By Mark Brolly, From the website of the Diocese of Melbourne
Church abuse is the chief obstacle to Australians believing in Christianity, according to a national online survey of more than 1000 people conducted by a Christian media group.
The Australian Communities Report said more than three-quarters of respondents, 76%, said church abuse was a “massive” or “significant” negative influence on their attitudes towards Christianity and church.
It said the top 10 “belief blockers” for Christianity were church abuse, hypocrisy, “judging others”, religious wars, suffering, issues around money, that it was “outdated”, Hell and condemnation, homosexuality and exclusivity.
The report also found that doctrines and practices about homosexuality were a “block” to belief for 69% of respondents, while those on Hell and condemnation (66%), the role of women (60%), suffering (60%) and science and evolution (57%) were also prominent obstacles.
The survey was commissioned by Olive Tree Media – which is led by Sydney Baptist pastor Karl Faase, a former Executive Director of Arrow Leadership Australia – and conducted by McCrindle Research in October, based on an online national survey of 1094 people and followed up with three focus groups made up of non-Christians. It was designed to prepare for a new Apologetics Series being produced by Olive Tree Media in 2012, which will tackle the issues arising from the research.
Sydney’s Anglican Archbishop Peter Jensen launched the publication of the research results on 4 November.
“Christianity, as you know, is a communication religion,” Dr Jensen said. “We believe in the Word and the spreading of the Word… The whole business of translating the text into the language of the people is part of the genius of the Christian Gospel.
“The first thing I noticed as a communicator is how ill-informed the audience is. My expectation of what people know is far higher than what, in fact, the research has indicated.”
Archbishop Jensen said he was interested that celebrity endorsers of Christianity were a turn-off for Australians.
"I think it is cultural,” he said. “I think Americans tend to go in for that sort of thing and Aussies don't. I can understand that.”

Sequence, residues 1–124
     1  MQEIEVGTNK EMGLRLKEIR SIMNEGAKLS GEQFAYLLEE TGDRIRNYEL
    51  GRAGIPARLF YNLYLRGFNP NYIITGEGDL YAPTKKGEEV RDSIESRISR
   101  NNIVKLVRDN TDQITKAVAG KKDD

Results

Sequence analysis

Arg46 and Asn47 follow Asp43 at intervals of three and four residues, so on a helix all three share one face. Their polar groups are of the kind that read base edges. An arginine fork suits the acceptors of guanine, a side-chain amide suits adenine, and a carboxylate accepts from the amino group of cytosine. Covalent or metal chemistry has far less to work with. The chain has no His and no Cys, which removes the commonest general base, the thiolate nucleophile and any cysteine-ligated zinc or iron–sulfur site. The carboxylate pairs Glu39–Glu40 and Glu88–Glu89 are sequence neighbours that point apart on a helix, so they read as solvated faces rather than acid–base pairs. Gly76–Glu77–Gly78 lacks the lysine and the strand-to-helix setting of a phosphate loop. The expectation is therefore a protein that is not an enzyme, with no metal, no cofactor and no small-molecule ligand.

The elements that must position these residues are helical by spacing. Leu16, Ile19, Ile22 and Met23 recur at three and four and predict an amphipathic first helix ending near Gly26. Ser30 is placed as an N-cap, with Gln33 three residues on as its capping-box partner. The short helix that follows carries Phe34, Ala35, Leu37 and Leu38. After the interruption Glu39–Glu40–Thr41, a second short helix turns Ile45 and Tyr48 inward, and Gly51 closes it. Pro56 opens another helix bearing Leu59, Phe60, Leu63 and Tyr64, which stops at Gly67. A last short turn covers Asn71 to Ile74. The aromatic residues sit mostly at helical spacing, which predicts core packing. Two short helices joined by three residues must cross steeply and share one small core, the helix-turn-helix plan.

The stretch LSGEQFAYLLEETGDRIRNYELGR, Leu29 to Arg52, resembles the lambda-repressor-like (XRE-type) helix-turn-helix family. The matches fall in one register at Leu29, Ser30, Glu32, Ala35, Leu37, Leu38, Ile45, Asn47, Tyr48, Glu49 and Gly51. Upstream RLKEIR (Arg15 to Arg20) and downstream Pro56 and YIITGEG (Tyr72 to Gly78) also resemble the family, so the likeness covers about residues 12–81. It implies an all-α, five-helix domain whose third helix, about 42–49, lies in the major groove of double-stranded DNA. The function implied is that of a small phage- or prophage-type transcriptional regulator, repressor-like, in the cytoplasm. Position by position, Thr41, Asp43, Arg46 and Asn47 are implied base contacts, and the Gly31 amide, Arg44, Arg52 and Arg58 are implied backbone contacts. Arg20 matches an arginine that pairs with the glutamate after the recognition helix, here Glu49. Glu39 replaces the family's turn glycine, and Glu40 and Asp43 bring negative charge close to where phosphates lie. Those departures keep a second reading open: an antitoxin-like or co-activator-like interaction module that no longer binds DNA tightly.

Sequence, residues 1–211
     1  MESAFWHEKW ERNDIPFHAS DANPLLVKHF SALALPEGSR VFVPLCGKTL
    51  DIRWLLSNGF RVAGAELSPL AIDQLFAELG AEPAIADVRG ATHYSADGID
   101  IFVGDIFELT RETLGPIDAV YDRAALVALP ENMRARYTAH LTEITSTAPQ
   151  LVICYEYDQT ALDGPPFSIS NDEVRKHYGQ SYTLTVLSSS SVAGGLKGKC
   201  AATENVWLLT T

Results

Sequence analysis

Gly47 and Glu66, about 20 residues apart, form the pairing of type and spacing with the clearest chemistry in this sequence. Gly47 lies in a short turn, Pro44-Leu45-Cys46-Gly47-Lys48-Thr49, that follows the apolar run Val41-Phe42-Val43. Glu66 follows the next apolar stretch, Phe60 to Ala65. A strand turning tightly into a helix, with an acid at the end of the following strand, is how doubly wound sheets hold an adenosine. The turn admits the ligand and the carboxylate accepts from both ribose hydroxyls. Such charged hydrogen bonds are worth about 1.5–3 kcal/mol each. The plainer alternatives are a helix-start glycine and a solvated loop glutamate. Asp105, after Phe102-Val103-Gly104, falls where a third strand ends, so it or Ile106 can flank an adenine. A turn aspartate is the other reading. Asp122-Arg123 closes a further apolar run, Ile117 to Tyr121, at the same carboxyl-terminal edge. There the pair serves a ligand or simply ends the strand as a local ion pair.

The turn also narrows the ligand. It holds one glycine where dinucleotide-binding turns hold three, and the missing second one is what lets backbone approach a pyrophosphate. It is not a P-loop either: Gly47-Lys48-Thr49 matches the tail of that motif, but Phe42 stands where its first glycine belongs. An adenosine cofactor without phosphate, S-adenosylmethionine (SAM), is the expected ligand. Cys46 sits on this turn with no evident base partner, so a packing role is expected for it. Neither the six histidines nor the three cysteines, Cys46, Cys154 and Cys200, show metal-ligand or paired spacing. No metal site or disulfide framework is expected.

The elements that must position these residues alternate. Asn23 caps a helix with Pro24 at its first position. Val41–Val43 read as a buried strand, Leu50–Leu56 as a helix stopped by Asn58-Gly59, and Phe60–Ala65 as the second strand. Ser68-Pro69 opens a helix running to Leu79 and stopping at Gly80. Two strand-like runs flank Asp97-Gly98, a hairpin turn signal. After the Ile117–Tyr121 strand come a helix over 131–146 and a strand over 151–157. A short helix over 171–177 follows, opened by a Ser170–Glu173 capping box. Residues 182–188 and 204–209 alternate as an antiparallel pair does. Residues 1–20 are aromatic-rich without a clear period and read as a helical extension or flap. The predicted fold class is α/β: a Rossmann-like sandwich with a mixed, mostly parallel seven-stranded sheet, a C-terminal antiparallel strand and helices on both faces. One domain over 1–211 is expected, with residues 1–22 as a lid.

Dr Jensen said the transmission of faith through families was immensely significant. Friends also were significant, he said, citing another survey that 60% of Australians did not know a Christian. Formation and fearlessness were other key factors.
“My own view is that the Christian faith suffered a monumental intellectual collapse 40 years ago,” he said. “We’ve never recovered ground.
“Friends, the situation now is not as bad as it was in the 1st century … We’re far better off now than we were. Thirty per cent of people say they’re Christians.
“I’m not discouraged by these figures – I see them as a challenge but I’m not discouraged by them. I think we have immense resource, immense possibility, and I’m very much a believer in the strength of the Gospel, the transforming power of the Gospel and the God who is the great evangelist.
“And so I’m not at all discouraged by these figures but I am informed by them and helped by them as I think of how to translate the faith in a way which will be heard by the real people we deal with and not the imaginary people that I think we ought to be dealing with.”
Several other findings were that:
Only one in every two Australians identified with a religion, with only two-fifths of the population declaring themselves to be Christians, the survey found.
The report said 31% of respondents did not identify with any religion or spiritual belief, while 19% said they were “spiritual, not religious”. Catholic and Orthodox Christians made up 22% of respondents, while 18% were classified as Protestant/Evangelical.
If indicative of the population as a whole, the report presents a much diminished picture of religious belief in Australia compared with the most recent available Census figures, those of 2006, when religious believers comprised about 70 per cent of all Australians. The total number of Christians grew to 12.7 million but fell as a proportion of the population from 71% in 1996 to 64% in 2006.
Anglicans comprised 19% of all Australians in 2006, but their numbers had dropped by five per cent to 3.7 million between 1996 and 2006.
From 1996-2006, the number of Australian residents who stated that they had no religion increased from 2.9 million to 3.7 million, from 17% in 1996 to 19% in 2006.
Census figures on religion from this year’s Census, held on 9 August, are not expected to be available until at least June 2012.